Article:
1. The next tipoff to see is to watch greater fools get poor even quicker, then claim victimhood status and clamor for bailouts, because “we’re all in this together.”

    2. You can’t print wealth.

      Money printing strikes me as a bit like Keynes’ putting money in bottles and burying them, and having people dig them up, as an economic stimulus.

      Can’t quite put my finger on it.

  7. ‘It’s at a frenzy like I’ve never seen before in 30 years!’

    2021 – 30 = 1991, a recession year which kicked off a five year real estate bust.

    Ok, Realtor…

  8. “‘We are definitely in a housing bubble and it’s a bubble that is starting to rival the bubble that we had in the early and mid-2000s,’ says Christopher Jones, an economist and instructor at the University of South Florida Department of Economics.”

    Jeebus…I hope he has solid tenure. Otherwise, a few more honest comments to the press like that one could get this guy canceled.

    1. He may. There’s a Robert Jones listed as Faculty at USF Tampa. His email is rcjones, so Christopher might be a middle name. Not sure what they mean by “instructor” in this context.

  9. ‘Gallagher said that the main question he keeps getting asked by journalists is not about an Oasis reunion or the 10 year anniversary of High Flying Birds, but “how much of a c**t is Prince Harry?”

    “Prince Harry is coming across like a typical f***ing woke snowflake, f***ing arsehole,” said Gallagher, adding that Harry should stop attacking his own family.’

    “Just don’t be f***ing dissing your family because there’s no need for it,” he said, before joking, “This is what happens when you get involved with Americans. As simple as that.”

    https://summit.news/2021/06/10/noel-gallagher-slams-prince-harry-as-a-fking-woke-snowflake/

  10. Last night Beanie Boy was talking about how shell companies like Blackrock have started buying up individual homes again, with the intention of renting them out. But unlike the previous crash, they are bidding far over asking. The theory is: since these banking entities have access to Fed munnies and consumer families do not, they can bid up the price, freezing out the public and forcing the public to rent. This furthers the Great Reset objective of owning nothing and being happy.

    I was lucky(?) enough to buy before this all kicked in. I’m sure I will be considered a kulak and treated as such.

    1. “I was lucky(?) enough to buy before this all kicked in. I’m sure I will be considered a kulak and treated as such.”

      No you weren’t
      No you won’t

      You will be a fool spending money you don’t have on a depreciating ‘asset.’

      1. IIRC, she bought her shack shortly after the previous crash and she is a FedGov employee. I’m gonna go out on a limb and guess that she easily afford the monthly payment.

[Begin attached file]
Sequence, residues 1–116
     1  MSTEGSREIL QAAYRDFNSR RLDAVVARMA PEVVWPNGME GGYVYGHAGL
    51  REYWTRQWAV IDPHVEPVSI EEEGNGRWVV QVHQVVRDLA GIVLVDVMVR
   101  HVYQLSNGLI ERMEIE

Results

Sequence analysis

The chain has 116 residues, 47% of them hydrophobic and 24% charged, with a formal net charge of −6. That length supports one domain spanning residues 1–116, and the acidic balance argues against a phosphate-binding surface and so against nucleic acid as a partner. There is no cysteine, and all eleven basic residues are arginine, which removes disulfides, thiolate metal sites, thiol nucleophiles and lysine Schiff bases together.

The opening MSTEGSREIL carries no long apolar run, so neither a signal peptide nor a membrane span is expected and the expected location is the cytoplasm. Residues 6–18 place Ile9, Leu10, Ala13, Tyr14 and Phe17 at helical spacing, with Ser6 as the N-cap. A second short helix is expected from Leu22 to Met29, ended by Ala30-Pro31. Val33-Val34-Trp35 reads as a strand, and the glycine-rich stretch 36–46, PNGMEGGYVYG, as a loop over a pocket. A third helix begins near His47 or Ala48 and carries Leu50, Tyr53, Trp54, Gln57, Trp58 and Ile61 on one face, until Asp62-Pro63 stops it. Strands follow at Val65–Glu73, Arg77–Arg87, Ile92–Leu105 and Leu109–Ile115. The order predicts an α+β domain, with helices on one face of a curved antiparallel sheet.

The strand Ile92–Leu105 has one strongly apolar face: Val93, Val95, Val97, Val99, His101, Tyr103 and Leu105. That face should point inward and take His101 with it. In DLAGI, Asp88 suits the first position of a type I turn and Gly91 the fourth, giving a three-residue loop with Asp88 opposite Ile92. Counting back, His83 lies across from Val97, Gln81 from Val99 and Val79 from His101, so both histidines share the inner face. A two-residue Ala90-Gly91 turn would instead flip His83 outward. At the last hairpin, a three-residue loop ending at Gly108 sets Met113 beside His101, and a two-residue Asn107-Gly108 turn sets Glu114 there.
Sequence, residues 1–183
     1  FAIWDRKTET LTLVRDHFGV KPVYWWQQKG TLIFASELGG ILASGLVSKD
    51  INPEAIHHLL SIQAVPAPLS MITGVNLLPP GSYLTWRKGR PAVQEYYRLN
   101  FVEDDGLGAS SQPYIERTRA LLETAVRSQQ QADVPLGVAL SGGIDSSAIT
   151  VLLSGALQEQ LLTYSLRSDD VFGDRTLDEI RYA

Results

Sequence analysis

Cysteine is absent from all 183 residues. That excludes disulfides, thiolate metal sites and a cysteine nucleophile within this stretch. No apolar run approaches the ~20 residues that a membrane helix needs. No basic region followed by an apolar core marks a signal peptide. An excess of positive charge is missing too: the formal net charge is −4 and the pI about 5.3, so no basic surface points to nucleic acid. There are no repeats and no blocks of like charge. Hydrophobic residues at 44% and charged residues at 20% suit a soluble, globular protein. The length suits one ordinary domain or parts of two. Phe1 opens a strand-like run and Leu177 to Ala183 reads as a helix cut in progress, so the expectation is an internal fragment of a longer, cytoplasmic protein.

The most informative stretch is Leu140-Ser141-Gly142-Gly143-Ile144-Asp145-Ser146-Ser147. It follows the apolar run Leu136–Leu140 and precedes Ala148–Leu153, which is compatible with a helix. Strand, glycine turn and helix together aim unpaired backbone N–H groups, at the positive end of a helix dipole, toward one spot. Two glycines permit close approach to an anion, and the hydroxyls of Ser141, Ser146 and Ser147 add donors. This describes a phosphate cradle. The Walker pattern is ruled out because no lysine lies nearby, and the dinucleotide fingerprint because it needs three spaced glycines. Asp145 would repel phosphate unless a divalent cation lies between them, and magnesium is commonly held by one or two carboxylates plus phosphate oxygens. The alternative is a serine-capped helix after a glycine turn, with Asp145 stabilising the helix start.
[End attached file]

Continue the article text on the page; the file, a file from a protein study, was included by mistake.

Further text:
2. But unlike the previous crash, they are bidding far over asking. ”

      yea that’s what they ( Blackrock) did around here in 2012 . pretty sure I got this short sale because I had the selling realtor also represent me as the buying realtor so a double commission motivated her to throw all other offer’s in trash . Blackrock was buying foreclosures which the house I bought was a couple days away from. Someone showed up and though I was the old owner . They were not happy. Wasting my time etc etc I was “yea excuses me I moving in. ”

      BTW the realtor was worthless I worked 100% with the bank on this.

  11. ZeroHedge tweet this morning: The last time goods inflation was this high, Volcker hiked rates to 20%

    1. CPI has always been fake as the yobs data or facebook clicks. They manipulate any way they want to support the narrative.

      1. To bad people are being set up for a big fall. As if real estate isn’t going to crash, probably sooner than later. They never should of messed with real estate.

      2. It’s a lot more than narrative. If CPI included what it used to include, they would have to raise the Social Security COLA far beyond what the gov can afford. Now imagine the number of baby boomers — with failing pensions — who are just about starting to take SS. I wouldn’t be surprised if they had to change CPI again to exclude even more.

        1. “I wouldn’t be surprised if they had to change CPI again to exclude even more.”

          No need to exclude anything. Hedonic adjustment will take care of that.

          “I am really hungry and can’t afford to buy a sandwich for lunch. Well I suppose I will just watch nextflix in my fold-able iphone69, that should take care of the hunger.”

    2. Their first move was to deny inflation. The next was to say that they are going to “let it run hot.” Then they said “it’s the good kind of inflation” (like there’s a good kind of inflation). Now they’ve run out of excuses.

    3. “The last time goods inflation was this high, Volcker hiked rates to 20%”